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Listed under Archaeological Sites in Mexico City, Mexico.

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Near to Mexico City stand the ruins of Teotihuacan, the largest city of Mesoamerica in Pre-Columbian times. Orthodox archaeologists are divided concerning the dating of the site, some believing it flourished from 1500 to 1000 BC, and others stating a later period of 100 BC to 700 AD. Other scholars studying the mythology and archaeology of the region suggest that Teotihuacan may be far older. One intriguing matter is that the original name of the place is unknown. Its current name Teotihuacan – the Place of the Gods - was given to it by the Aztecs after the city’s decline and abandonment. Various Mesoamericans before the Aztecs, the Mayans, Zapotecs and Toltecs, were equally mystified by the vast ruins, seeing in them shadowy traces of an even earlier people.

The most striking architectural structure of Teotihuacan is the towering Pyramid of the Sun, a man-made sacred mountain whose original name and function are unknown. From atop this pyramid, whose base is nearly equal in size to the Great Pyramid of Egypt, numerous other pyramids may be seen along the ‘Avenue of the Dead’. There are several unsolved riddles about the Pyramid of the Sun, such as that concerning the one-foot thick sheet of granulated mica which once covered its uppermost level. Removed and sold for profit in the early 1900’s, the mica had been transported from thousands of miles away in South America. How had the great quantity of mica been brought from such a distance and for what purpose had the pyramid been covered with the rare stone? One suggestion is that mica, being an efficient energy conductor, was used as part of a receiving device for long wave-length celestial radiations. The incoming celestial energy would have been collected by the pyramid, whose sacred geometrical design would focus it into the cave beneath the pyramid. This energy, available for use at any time of the year, would be specially concentrated at certain periods during solar and lunar cycles. These specific periods were determined by using astronomical observation structures which exist in different places around the geomantically aligned city of Teotihuacan.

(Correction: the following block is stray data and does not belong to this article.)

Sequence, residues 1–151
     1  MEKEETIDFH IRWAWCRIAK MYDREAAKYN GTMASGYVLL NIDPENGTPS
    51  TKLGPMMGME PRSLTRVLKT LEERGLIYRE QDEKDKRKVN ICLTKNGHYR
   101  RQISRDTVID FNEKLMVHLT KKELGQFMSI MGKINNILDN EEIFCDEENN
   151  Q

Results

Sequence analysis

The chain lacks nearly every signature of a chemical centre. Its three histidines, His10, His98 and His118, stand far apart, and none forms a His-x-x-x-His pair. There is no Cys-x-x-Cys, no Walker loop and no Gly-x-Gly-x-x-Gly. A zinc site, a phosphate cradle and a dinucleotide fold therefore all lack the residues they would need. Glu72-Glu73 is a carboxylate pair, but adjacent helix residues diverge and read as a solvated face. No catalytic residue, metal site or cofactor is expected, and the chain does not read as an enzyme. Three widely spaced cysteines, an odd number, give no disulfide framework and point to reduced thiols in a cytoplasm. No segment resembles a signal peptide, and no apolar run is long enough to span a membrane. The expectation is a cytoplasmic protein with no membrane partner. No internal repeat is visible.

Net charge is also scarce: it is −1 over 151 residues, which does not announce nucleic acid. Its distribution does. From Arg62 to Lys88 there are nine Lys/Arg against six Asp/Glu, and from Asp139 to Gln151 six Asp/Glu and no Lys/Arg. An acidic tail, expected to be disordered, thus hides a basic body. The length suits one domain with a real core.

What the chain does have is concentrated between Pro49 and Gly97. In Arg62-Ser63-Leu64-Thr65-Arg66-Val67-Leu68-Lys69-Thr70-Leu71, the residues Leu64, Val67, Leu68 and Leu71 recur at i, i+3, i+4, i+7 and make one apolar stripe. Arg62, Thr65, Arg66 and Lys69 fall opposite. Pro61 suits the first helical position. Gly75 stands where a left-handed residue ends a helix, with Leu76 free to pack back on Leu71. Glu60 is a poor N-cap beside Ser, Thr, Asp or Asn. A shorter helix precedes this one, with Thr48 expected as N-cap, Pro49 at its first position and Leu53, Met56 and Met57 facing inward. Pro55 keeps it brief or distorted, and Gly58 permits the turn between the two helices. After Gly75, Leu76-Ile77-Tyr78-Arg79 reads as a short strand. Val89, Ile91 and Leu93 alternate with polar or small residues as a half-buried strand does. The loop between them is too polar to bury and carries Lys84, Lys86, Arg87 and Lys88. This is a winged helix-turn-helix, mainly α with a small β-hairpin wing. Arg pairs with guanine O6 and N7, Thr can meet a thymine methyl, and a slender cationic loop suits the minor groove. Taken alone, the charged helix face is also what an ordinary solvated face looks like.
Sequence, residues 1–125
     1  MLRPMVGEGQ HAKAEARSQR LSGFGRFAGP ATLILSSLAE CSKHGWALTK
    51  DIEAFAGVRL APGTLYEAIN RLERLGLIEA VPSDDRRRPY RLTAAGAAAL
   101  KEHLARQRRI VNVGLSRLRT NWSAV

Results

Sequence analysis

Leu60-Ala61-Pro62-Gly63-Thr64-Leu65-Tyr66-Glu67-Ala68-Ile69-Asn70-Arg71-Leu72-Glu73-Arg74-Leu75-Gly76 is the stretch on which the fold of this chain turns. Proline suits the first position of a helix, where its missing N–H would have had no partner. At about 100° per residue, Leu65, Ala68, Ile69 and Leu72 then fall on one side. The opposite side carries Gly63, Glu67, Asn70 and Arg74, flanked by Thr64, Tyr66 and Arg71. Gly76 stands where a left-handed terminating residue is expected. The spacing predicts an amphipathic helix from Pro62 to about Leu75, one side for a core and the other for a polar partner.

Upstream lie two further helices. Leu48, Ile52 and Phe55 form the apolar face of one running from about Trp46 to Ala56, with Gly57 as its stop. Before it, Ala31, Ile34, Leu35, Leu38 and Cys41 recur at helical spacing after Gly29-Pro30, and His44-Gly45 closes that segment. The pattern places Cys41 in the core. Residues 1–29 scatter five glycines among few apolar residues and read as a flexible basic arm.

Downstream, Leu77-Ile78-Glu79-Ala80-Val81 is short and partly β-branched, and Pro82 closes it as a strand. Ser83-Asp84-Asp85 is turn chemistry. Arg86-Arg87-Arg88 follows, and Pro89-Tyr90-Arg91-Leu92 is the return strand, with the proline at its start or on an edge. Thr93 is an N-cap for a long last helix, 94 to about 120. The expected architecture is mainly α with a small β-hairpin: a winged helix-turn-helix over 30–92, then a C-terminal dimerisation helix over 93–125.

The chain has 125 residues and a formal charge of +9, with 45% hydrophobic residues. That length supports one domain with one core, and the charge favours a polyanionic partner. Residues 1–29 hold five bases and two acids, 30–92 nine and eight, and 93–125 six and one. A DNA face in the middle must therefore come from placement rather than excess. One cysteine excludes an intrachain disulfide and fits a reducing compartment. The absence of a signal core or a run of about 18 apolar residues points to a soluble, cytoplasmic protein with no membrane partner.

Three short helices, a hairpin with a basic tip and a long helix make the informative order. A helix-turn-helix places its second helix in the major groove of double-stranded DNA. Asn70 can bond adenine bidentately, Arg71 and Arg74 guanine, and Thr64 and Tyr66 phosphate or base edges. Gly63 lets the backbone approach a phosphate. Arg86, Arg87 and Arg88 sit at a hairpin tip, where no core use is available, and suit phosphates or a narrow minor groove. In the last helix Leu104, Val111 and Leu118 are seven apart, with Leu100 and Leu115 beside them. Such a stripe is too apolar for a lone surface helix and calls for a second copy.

Photo: Pyramid of the Sun, Teotihuacan

More Information on Teotihuacan from Sacred Sites.

Written by  Martin Gray.

Other expert and press reviews

“Pre-Hispanic City of Teotihuacan”

'The holy city of Teotihuacan ('the place where the gods were created') is situated some 50 km north-east of Mexico City. Built between the 1st and 7th centuries A.D., it is characterized by the vast size of its monuments – in particular, the Temple of … Read more...

Written by press. UNESCO

“'City of the Gods'”

"Any appreciation of ancient Meso-America's architectural splendour must begin with Teotihuacán, the City of the Gods. Its two gigantic pyramid temples, dating from about the time of Christ, are the largest and oldest in the Americas and were model… Read more...

Written by press.

Comments, reviews and questions by other travellers


Teotihuacan was a religious centre in the Mexican highlands around 10AD and was built into a larger city over the next two centuries. It's ruins comprise several large layered pyramids and carved stone monuments. Excavations at the 83 square km site have been going on since 1917 and several interesting constructions have been unearthed as well as a wealth of material from every day life in Teotihuacan. At it's height Teotihuacan is thought to have had 60,000 to 80,000 inhabitants.

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